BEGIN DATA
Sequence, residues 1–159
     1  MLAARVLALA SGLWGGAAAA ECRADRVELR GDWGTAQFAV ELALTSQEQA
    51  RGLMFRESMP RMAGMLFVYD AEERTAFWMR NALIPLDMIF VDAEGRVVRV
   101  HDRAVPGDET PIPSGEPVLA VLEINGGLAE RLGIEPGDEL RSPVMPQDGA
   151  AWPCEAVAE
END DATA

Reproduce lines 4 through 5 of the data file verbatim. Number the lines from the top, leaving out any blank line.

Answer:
   101  HDRAVPGDET PIPSGEPVLA VLEINGGLAE RLGIEPGDEL RSPVMPQDGA
   151  AWPCEAVAE